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story.lead_photo.caption FILE - In this April 10, 2017 file photo, Missouri state Auditor Nicole Galloway speaks at a news conference in Jefferson City, Mo.

Missouri State Auditor Nicole Galloway was in agreement Wednesday with the Missouri Senate's Majority Floor Leader Caleb Rowden — an independent audit of Galloway's office should be put underway as soon as possible.

Rowden, R-Columbia, is chairman of the Senate's Committee on Rules, Joint Rules, Resolutions and Ethics. The committee on Wednesday had a hearing on SB 927 — filed by President Pro Tem Dave Schatz, R-Sullivan, who also is vice chairman of the committee — which would require the General Assembly to authorize an independent certified public accountant to audit the state auditor's office during the current calendar year.

Biannual audits of the auditor's office are required by state law. Rowden said the most recent audit was in 2017, and because one did not happen last year — he said the House did not pass the legislation he had filed to do that — "this should have already happened."

This year's audit proposal came amid a certain context, though, with Schatz having sent a letter of concern about the integrity of Galloway's office to Gov. Mike Parson earlier this year.

That letter was prompted by accusations made by one of Missouri's two Republican U.S. senators, Josh Hawley.

Hawley in January publicly criticized Galloway and her office for perceived bias in preparation of an audit of his tenure as Missouri attorney general.

Part of that audit — on whether Hawley used state resources for political purposes — was released last month, and while the report found there was no clear evidence of state laws having been broken, it did find Hawley appeared to have used state resources for political purposes — through coordination between Hawley's staff and Senate campaign-paid consultants, staff using campaign resources to meet with consultants for purposes which were not always documented, and Hawley's use of a state vehicle and driver/security detail for some trips for which the purpose was not documented on travel itineraries and state vehicle mileage logs.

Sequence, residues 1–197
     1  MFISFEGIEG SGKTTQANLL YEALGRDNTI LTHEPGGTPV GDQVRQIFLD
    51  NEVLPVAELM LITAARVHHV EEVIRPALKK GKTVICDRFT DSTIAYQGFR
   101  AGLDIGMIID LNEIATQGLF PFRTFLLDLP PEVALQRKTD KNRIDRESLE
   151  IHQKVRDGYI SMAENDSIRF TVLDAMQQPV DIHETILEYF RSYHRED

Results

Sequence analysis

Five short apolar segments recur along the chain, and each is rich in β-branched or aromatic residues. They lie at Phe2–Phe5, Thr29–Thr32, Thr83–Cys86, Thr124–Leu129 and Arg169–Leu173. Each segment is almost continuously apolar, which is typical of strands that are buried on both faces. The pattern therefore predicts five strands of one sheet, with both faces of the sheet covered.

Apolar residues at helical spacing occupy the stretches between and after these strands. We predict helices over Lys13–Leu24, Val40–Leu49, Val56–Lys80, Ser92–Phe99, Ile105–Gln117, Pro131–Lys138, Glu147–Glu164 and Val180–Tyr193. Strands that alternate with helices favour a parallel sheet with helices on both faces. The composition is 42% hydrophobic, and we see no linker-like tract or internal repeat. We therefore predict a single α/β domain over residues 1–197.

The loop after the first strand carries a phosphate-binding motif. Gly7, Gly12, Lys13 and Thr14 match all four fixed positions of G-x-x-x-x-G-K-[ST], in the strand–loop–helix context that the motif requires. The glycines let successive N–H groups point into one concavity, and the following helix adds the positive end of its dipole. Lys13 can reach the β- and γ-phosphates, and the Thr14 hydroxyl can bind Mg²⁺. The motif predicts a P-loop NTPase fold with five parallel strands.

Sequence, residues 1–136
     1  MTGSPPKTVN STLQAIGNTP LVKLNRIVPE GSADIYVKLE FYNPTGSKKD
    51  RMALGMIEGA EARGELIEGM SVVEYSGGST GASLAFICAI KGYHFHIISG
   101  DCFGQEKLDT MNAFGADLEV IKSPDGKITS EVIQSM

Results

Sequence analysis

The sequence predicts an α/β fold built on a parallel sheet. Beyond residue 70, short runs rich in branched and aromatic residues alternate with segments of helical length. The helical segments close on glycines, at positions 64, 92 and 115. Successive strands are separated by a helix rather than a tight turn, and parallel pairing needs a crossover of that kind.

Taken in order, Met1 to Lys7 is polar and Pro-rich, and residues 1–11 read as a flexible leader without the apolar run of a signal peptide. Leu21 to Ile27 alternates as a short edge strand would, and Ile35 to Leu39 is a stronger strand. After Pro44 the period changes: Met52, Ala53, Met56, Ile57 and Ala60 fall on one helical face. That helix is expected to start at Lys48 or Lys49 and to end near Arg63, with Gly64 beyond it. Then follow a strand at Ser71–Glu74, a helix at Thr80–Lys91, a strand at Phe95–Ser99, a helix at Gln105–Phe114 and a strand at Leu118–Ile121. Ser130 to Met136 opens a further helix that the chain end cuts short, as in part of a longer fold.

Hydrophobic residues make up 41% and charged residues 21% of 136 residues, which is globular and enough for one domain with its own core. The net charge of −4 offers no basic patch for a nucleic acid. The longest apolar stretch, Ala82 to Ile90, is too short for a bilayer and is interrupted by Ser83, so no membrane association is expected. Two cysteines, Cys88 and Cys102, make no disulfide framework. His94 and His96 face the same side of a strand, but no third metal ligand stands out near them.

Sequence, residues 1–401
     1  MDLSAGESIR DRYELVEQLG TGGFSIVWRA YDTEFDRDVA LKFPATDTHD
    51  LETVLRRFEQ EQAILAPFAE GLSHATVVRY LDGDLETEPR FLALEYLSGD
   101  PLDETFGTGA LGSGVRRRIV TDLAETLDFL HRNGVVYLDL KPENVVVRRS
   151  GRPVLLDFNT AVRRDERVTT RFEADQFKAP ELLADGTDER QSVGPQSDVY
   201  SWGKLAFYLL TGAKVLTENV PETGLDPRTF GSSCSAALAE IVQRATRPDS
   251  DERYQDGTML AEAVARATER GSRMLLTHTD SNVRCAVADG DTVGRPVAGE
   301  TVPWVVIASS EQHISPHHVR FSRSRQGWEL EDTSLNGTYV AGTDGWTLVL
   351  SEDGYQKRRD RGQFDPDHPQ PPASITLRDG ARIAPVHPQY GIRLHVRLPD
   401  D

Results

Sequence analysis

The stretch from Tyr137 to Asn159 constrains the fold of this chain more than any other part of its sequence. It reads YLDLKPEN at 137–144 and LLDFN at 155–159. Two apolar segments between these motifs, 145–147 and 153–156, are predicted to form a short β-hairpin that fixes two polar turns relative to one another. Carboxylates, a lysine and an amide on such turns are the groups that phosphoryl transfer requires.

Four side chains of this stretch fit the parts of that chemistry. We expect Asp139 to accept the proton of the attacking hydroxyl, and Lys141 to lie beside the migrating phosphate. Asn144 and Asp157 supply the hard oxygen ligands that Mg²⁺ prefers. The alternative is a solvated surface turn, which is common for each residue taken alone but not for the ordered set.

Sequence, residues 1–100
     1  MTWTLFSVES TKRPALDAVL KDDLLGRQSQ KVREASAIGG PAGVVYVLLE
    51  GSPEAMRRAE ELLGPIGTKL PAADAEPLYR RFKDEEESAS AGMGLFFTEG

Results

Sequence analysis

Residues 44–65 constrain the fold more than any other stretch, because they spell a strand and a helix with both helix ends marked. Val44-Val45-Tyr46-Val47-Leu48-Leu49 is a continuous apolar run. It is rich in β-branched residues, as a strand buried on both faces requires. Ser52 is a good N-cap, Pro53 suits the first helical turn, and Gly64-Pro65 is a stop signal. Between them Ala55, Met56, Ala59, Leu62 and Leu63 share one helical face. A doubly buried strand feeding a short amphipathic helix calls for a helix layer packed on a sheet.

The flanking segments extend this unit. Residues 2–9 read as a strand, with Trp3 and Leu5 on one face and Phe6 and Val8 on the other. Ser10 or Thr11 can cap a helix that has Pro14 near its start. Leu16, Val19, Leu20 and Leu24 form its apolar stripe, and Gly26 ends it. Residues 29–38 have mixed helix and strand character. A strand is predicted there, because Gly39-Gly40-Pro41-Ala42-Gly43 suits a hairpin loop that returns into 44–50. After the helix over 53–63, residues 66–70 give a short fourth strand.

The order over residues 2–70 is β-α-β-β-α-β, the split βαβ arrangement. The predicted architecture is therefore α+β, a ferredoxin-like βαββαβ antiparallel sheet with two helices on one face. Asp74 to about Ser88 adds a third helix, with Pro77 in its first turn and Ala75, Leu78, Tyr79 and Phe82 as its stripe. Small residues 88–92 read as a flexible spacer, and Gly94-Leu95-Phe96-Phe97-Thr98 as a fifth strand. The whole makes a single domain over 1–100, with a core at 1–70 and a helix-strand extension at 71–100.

The audit stated at least a portion of some of the trips had political purposes, and other trips had the appearance of being "personal in nature."

Hawley's campaign also announced last month that a formal complaint was being filed against Galloway with the Missouri State Board of Accountancy, "regarding State Auditor Nicole Galloway's misconduct" that Hawley alleged was involved with the audit.

Missouri Department of Commerce and Insurance spokeswoman Lori Croy said Wednesday the department could not give a status of the complaint, or even confirm or deny whether any individual complaint has been filed.

However, Croy noted any disciplinary action resulting from a complaint becomes public and is available on the State Board of Accountancy's website.

Galloway and her staff have repeatedly defended the audit and their professionalism, including before a Missouri House committee.

Rowden said there's no intention of making the audit of Galloway's office political and said it's in everyone's interest, including Galloway's, for the independent audit to be completed as soon as possible.

Galloway is a Democratic gubernatorial candidate vying for the position against current Republican Gov. Mike Parson.

There is an emergency clause on Schatz's bill, and if the bill is passed and signed by Parson, the current text includes that within 30 days the commissioner of the Office of Administration would bid the services for the independent audit.

Galloway on Monday wrote to Schatz and copied Parson, the Missouri speaker of the House and House and Senate majority and minority leaders on the letter, stating: "If it is your sincere belief that an audit of the Auditor's Office is an emergency, there should be no delay in having this bill get to Gov. Parson's desk. In order to ensure that the audit is independent, it should be completed before this legislative session ends."

Galloway reiterated that message in a video posted Wednesday afternoon by the state auditor's office's Twitter account: "I welcome an independent, non-partisan review. In fact, a legislative-mandated audit of my office could have already begun."

She cited her letter to legislative leaders and Parson, "urging them to act quickly, and pass sign this measure into law. There should be no delay. And, to ensure the audit is independent, it should be completed before the Legislature adjourns in May.

"Another audit will only confirm our excellent reputation for professionalism and independence," she added.

Previous audits of the state auditor's office are available at

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